Another Quarter, Another Earnings Beat


Under Armour (NYS: UA) reported earnings for its second quarter this morning, reporting that overall net revenue rose 27%, to $369 million from the same quarter last year. Net income was also up 7% from last year, trailing revenue growth because of a shift of marketing expenses into the second quarter, and earnings per share checked in at $0.06, a 6% increase. With the company further raising revenue and income guidance for the year, the stock was up as much as 13% this morning.

What I was watching
Footwear revenue continues to grow, increasing 44% from the previous quarter, and represented 18% of all revenues for the quarter. This growth was primarily due to the launch of new running styles, including the UA Spine, which saw a cleated version debut recently at the MLB All-Star Game.

It only represents one quarter, but this is one area that will help Under Armour, which is primarily an apparel company, compete better with Nike (NYS: NKE) , which is known more as a shoe company. If the footwear segment continues to grow faster than the apparel segment, Under Armour will soon be a major player in athletic footwear.

As with nearly every other quarter, it is important to keep an eye on inventory growth. Second-quarter inventory rose 22% relative to the same quarter last year. Nevertheless, this is the first quarter that I can remember seeing revenue growth outpace inventory growth, which could bode well for the future.

What I like going forward
Under Armour continues the expansion of its business beyond its performance athletic wear. It continues to tout the performance of new products, including its Studio brand for women. This brand looks to compete directly with the offerings of lululemon athletica (NAS: LULU) , providing yoga and other fitness apparel for women. Furthermore, in addition to the Spine running shoe, Under Armour hopes to maintain its upward momentum in footwear with the Highlight football cleat, which will be worn by football star Cam Newton and is featured prominently in recent advertising.

Direct-to-consumer revenue is also important for Under Armour. Without a major retail presence like lululemon, Under Armour relies on retail partners like Dick's Sporting Goods to sell its products. Nevertheless, its direct-to-consumer revenue represented 29% of total revenues for the quarter, with year-over-year growth of 35%.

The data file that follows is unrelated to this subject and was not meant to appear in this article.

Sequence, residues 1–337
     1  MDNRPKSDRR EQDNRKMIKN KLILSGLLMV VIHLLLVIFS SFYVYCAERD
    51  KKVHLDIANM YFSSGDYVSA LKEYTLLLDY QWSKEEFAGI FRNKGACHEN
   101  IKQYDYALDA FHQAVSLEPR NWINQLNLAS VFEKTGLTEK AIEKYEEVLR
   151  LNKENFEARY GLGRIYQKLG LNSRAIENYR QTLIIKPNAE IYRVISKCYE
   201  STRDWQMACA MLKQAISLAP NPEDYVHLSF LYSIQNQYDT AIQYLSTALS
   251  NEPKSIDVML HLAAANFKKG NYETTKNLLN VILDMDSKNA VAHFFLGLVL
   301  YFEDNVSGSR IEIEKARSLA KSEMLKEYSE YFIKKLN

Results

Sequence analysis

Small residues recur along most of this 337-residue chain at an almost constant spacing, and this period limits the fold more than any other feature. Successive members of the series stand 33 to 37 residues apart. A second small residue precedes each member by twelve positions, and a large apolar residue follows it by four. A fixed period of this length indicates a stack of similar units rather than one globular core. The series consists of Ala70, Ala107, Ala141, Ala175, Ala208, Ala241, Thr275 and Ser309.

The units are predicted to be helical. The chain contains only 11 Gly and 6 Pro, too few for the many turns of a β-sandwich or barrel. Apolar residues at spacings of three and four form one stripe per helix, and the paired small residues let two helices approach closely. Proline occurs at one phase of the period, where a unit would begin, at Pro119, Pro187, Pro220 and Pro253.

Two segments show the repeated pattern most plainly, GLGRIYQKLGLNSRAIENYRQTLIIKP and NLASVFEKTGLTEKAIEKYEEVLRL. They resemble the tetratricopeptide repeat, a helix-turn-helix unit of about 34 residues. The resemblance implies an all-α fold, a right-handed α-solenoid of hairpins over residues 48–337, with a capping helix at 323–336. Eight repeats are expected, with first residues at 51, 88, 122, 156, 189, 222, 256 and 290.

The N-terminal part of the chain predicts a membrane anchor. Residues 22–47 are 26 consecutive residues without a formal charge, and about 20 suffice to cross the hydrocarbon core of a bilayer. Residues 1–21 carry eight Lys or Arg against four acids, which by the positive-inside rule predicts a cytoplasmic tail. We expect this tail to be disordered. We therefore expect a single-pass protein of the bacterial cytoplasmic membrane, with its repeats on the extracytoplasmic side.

Finally, further growth overseas will only help Under Armour perform better, and with only 6% of revenues currently derived from overseas, there is plenty of room for growth. An agreement with Tottenham in the English Premier League gives the company a presence in one of the most popular leagues in the world, which could bode well for future growth in Europe and beyond.

What it all means
All the great news out of Under Armour prompted an increase to its guidance for the year, and it now expects revenue for the year to be around $1.8 billion, an increase of 22% over last year. With its recent 2-for-1 stock split, even more people could be considering investing in the company, making it a prime candidate to return to its pre-split prices within the next few years, but only if it continues on its current trajectory.

To keep an eye on the continued growth of this exciting company, feel free to add it to My Watchlist. You can also see whether its recent foray into the English Premier League was enough for it to earn a place in our free report "3 American Companies Set to Dominate the World." Get this great report before it's too late.

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Fool contributorRobert Eberhardowns numerous articles of Under Armour clothing but holds no position in any company mentioned.Follow himon Twitter, or check out hisholdings and a short bio. The Motley Fool owns shares of Under Armour, Dick's Sporting Goods, and lululemon athletica.Motley Fool newsletter serviceshave recommended buying shares of Under Armour, Nike, and lululemon athletica, creating a bear put spread position in Under Armour, and creating a diagonal call position in Nike. We Fools don't all hold the same opinions, but we all believe thatconsidering a diverse range of insightsmakes us better investors. Try any of our Foolish newsletter servicesfree for 30 days. The Motley Fool has adisclosure policy.

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Originally published